Estimation of the system temperature ()

(15.11) |

where , is the effective area of the dish, is the Boltzman's constant and

(15.12) |

Hence, knowing , can be estimated from the amplitude of the antenna dependent complex gains.

All contributions to , which cannot be factored into antenna dependent gains, will result in the reduction of . remaining constant, this will be indistinguishable from an increase in the effective system temperature. Since majority of later processing of interferometry data for mapping (primary calibration, bandpass calibration, SelfCal, etc.) is done by treating the visibility as a product of two antenna based numbers, this is the effective system temperature which will determine the noise in the final map (though, as a final step in the mapping process, baseline based calibration can possibly improve the noise in the map).

In the normal case of no significant baseline based terms ( ) in , the system temperature as measured by the above method will be equivalent to any other determination of .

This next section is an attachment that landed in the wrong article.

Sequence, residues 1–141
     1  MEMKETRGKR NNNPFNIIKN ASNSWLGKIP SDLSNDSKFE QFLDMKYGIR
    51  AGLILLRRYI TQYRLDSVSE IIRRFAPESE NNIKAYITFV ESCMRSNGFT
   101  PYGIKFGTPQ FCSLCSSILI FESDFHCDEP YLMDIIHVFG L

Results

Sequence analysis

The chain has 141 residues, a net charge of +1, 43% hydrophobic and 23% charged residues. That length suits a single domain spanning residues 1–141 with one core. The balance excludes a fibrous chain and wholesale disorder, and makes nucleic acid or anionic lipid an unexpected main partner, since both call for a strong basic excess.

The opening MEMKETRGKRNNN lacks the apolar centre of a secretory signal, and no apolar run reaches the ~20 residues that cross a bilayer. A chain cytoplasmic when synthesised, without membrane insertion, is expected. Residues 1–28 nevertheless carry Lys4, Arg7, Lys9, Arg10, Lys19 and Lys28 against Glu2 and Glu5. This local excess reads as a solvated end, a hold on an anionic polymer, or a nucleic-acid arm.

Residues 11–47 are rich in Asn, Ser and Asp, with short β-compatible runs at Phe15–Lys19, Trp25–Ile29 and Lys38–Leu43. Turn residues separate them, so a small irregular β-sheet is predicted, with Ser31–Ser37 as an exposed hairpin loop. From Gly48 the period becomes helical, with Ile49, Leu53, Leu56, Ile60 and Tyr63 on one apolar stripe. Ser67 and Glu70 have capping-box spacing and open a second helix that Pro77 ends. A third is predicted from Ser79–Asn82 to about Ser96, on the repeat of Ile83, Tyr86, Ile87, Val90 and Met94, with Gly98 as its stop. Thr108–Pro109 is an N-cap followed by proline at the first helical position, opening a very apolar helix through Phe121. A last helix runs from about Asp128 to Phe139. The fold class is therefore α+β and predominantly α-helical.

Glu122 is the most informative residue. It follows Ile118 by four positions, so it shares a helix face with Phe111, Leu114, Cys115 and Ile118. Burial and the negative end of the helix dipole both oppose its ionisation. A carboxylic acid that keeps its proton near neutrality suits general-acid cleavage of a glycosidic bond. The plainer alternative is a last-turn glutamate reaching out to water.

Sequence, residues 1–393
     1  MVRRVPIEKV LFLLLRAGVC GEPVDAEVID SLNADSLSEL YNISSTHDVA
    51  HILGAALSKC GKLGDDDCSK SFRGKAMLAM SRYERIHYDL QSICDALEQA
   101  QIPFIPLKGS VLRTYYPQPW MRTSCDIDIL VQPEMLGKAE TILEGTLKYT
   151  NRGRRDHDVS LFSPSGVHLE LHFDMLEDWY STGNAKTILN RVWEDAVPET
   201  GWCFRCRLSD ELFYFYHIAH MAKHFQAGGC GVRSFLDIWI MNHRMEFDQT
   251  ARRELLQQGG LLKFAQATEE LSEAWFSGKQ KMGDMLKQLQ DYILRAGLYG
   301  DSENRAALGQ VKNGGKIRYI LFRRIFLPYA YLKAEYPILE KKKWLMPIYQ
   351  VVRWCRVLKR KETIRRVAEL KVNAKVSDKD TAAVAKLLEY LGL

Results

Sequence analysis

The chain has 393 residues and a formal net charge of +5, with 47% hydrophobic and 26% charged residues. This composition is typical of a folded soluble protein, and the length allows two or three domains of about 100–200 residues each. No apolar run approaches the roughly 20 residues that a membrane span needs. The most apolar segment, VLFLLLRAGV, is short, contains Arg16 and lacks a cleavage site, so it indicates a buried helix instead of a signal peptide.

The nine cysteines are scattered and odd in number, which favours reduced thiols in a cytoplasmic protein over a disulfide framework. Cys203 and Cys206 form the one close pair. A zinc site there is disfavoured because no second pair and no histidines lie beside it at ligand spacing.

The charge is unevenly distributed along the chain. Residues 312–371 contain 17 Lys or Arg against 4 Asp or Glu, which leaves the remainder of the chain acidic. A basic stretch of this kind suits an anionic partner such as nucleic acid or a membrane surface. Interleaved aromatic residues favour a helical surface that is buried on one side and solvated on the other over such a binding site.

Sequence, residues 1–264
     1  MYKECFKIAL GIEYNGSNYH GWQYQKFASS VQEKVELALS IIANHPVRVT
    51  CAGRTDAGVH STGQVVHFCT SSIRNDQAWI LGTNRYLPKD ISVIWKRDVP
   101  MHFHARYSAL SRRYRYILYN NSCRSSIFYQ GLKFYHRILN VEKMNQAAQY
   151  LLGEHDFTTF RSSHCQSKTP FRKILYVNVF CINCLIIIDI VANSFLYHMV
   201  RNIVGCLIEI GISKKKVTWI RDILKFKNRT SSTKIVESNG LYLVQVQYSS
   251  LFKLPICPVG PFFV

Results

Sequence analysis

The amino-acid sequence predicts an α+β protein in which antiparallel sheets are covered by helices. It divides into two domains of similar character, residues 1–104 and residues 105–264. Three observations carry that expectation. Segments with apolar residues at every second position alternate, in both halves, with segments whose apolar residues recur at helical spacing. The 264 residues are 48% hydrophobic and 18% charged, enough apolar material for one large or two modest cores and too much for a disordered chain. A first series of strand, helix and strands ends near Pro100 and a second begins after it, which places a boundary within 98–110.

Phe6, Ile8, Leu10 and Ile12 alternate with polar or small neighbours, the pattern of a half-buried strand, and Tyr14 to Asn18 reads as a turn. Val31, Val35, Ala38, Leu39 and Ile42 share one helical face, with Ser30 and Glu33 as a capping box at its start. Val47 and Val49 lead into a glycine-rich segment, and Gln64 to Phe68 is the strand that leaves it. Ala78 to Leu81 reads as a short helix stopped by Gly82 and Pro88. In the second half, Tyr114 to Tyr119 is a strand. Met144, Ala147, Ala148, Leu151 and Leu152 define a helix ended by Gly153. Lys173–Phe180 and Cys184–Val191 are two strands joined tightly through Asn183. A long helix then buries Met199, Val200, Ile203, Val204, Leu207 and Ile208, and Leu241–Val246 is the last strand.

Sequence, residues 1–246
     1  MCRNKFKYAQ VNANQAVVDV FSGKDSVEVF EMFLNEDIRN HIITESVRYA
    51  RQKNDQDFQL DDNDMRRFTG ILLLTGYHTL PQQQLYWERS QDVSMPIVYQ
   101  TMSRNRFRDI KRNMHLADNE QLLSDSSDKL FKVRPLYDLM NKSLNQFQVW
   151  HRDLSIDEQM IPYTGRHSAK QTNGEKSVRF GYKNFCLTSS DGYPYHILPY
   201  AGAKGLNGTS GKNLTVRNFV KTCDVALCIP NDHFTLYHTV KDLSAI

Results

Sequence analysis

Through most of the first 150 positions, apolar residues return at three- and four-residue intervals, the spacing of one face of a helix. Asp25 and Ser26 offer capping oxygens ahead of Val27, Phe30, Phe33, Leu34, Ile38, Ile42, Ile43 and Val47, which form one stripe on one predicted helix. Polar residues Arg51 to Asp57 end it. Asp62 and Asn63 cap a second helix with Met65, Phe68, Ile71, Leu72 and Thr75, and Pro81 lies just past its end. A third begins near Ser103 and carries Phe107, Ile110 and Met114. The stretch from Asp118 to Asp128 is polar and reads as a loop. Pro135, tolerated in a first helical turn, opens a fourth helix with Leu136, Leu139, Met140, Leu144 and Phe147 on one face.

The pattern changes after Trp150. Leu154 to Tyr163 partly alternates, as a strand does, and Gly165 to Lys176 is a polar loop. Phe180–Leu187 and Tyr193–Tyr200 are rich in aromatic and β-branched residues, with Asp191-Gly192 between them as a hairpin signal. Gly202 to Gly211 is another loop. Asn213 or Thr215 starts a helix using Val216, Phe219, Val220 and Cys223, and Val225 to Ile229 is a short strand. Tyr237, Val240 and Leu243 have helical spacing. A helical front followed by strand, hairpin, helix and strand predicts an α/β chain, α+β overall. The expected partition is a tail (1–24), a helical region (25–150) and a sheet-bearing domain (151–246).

can also be determined by recording interferometric data for a strong point source with and without an independent noise source of known temperature at each antenna. In this case

(15.13) |

where and are the antenna dependent gains with and without the noise source of temperature . Note that does not enter this equation. Also, should be such that to ensure that the correlated signal is measured with sufficient signal-to-noise ratio. For example, for P-band, a calibrator with P-band flux density Jy must be used.

Derivation of using real and imaginary parts

Expanding Equation D.5, ignoring s and writing it in terms of real and imaginary parts we get

where

(15.15) |

Taking partial derivative of with respect to and reintroducing , we get

Therefore,

Equating to zero, we get

Similarly

(15.19) |

Therefore the equivalent imaginary part of Equation D.18 is

writing and substituting for and from Equation D.18 and D.20 respectively, we get

This is same as Equation D.8, which was arrived at by evaluating a complex derivative of Equation D.5 as , treating and as independent variables. Evaluating would give the complex conjugate of Equation D.21. Hence, gives no independent information not present in .